California Elephant Ear is a stunning plant with their bold foliage make excellent houseplant but you will need to get both the watering and temperature right to keep them looking at their best.
Once you have mastered those two conditions the reward will be one of the most breathtaking plants in your collection.
California Elephant Ear likes bright, indirect light and temperatures ranging from 64 – 77°F (18 to 25°C). Keep it in a well-draining potting mix and water as soon as the top inch of soil becomes dry, or once about every two weeks. Maintain a relative humidity of greater than 50% and fertilize twice a year. It is susceptible to spider mites and thrips and will go dormant if the temperature drops or there is very low light availability.
Almost all issues relating to growing these plants indoors are related to watering and temperature. After reading this article you should have no problems growing this plant in your home.
What does California Elephant Ear Look Like?
Once you have seen this plant you will have no difficulty identifying it in the future. It is notable for its very large leaves which are rounded at the top and pointed at the bottom. As a result of the leaf shape, it is often referred to as the Africa shield plant.
California Elephant Ear Care Details
|Scientific name||Alocasia gagaena California|
|Common name||California Elephant Ear|
|Type||Fast-growing perennial (tuberous)|
|Maximum growth||2 to 4 feet indoors (larger outdoors)|
|Watering needs||Moist but not wet|
|Light requirements||Bright light but not direct sun|
|Soil||Humus rich potting soil|
|Fertilizer||Nitrogen-rich feed every 3 – 4 weeks|
|Temp||64 – 77°F (18 to 25°C)|
|Common Pests||Aphids/Spider mite/Mealybug|
|Diseases||Root rot/fungal leaf spot|
|Pruning||Cut shabby leaves back to base|
|Toxicity||Contains Oxalic acid|
|US hardiness zones||9 – 11|
First Steps After Purchase
As soon as you have purchased your plant, the first thing you should do is check to see if it is in a large enough container and that there is sufficient drainage capacity. Checking the container will drain is easy. All you need to do is ensure that there is a hole in the base of the pot large enough to stick the tip of your finger into.
If the pot is bulging or there are roots clambering over the top or out of the drainage hole then you may need to repot it immediately. If you have bought your plant from a reliable supplier, neither of these should be an issue.
Assuming all is well, all you need to do now is ensure the top of the soil is moist to the touch and find a suitable position to house your plant in.
A position near a south-facing window where there is plenty of light but not too much direct sunlight would be perfect. You want to avoid draughts and remember that this plant gets big so allow room for it to expand into as it grows.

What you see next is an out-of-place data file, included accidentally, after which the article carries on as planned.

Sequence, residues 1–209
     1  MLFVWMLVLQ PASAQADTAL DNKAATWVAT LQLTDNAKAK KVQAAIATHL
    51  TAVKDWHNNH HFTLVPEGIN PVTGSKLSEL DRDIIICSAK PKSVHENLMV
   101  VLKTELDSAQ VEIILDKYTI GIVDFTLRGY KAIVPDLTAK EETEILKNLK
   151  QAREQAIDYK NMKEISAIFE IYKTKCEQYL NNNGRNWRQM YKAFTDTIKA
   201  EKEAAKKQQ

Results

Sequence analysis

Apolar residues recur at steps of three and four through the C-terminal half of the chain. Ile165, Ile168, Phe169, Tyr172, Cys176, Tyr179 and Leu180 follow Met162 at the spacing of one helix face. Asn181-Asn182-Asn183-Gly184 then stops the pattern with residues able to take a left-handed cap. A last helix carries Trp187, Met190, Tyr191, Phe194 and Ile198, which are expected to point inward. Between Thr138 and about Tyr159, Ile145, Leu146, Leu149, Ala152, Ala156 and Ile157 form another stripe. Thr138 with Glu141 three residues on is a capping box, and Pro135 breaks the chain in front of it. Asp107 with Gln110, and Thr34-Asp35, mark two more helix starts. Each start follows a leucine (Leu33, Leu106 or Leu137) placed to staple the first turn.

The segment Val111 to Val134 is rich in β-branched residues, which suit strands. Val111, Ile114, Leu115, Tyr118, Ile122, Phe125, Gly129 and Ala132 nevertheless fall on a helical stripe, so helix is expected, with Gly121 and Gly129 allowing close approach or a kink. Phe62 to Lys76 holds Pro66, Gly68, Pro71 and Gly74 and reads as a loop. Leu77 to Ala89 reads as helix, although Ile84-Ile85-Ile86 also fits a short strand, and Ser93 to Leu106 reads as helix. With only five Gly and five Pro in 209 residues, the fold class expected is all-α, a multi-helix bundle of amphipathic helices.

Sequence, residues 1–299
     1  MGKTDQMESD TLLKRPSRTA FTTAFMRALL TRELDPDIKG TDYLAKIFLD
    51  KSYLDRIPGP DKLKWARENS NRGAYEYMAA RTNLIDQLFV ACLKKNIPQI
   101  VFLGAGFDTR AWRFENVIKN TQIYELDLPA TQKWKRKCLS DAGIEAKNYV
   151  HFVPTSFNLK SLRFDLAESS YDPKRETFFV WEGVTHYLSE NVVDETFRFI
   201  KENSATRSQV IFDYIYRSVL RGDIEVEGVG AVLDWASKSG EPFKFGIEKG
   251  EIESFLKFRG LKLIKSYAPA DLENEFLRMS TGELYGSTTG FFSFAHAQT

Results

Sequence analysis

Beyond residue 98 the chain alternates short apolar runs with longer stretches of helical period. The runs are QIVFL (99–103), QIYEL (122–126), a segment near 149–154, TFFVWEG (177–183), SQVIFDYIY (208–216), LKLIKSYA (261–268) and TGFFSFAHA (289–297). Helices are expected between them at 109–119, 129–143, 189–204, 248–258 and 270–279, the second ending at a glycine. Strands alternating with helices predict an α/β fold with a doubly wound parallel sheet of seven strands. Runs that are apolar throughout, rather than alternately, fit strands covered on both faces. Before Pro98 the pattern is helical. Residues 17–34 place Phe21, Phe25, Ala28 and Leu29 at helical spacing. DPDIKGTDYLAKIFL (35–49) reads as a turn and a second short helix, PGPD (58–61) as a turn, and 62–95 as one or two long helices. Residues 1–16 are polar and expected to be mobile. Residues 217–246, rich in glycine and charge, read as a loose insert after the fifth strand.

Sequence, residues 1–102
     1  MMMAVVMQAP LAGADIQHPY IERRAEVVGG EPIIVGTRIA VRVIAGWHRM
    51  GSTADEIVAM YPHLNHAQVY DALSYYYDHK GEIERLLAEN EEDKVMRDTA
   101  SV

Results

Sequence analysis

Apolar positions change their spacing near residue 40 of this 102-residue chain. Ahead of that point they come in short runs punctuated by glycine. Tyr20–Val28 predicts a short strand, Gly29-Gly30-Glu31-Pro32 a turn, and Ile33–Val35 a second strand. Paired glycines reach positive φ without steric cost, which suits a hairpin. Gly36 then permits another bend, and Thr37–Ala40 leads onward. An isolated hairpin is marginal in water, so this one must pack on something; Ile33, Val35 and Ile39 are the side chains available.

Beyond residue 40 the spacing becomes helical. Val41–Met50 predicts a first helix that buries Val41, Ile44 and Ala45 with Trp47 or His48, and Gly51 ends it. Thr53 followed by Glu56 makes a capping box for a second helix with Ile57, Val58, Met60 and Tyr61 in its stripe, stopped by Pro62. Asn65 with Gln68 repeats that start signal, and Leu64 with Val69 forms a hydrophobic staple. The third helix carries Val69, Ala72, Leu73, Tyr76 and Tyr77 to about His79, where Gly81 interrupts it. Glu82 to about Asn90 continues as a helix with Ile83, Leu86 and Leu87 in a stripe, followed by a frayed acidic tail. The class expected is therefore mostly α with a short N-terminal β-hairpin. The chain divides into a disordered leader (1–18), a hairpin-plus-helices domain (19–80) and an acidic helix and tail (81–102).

How to Care for California Elephant Ear Plant
Watering is the most important thing to get right with a California Elephant Ear. These plants are from the tropics and are accustomed to moist conditions. You want to keep the top of the soil damp to the touch but not wet.
In a house, during the growing season, this might entail watering every day or two. You will learn to assess this by feeling the top layer of soil.
Water directly onto the top of the soil and then allow that water to drain completely. Excess water will flow into the saucer beneath the pot.
You may need to empty this after draining has stopped to ensure the plant does not get wet feet and that the water at the base does not impede total drainage.
I use captured water rather than municipal water which contains chemicals. This really makes a difference to all of my house plants.
Those chemicals will not cause an instant problem but over time they build up in the soil and become detrimental to the plant’s health.
In the cooler months of fall and winter, you will be able to water far less but you still want to keep that soil slightly moist to the touch.
Many varieties of Alocasia are grown outdoors in warmer regions so they can be quite light tolerant.
To get the best out of your California Elephant Ear indoors, however, you want to place your plant in a bright position that gets plenty of light but no direct sun. I find that near to a south-facing window works perfectly well.
Being from the subtropics, the last thing California Elephant Ear wants is to be exposed to the cold.
In an indoor environment, this is not usually an issue but a constant room temperature of 64 – 77°F (18 – 25°C) is ideal.
Most houses fall into this temperature range so this should not be too difficult to achieve.
Sudden changes when using temperature control devices are what you want to watch out for.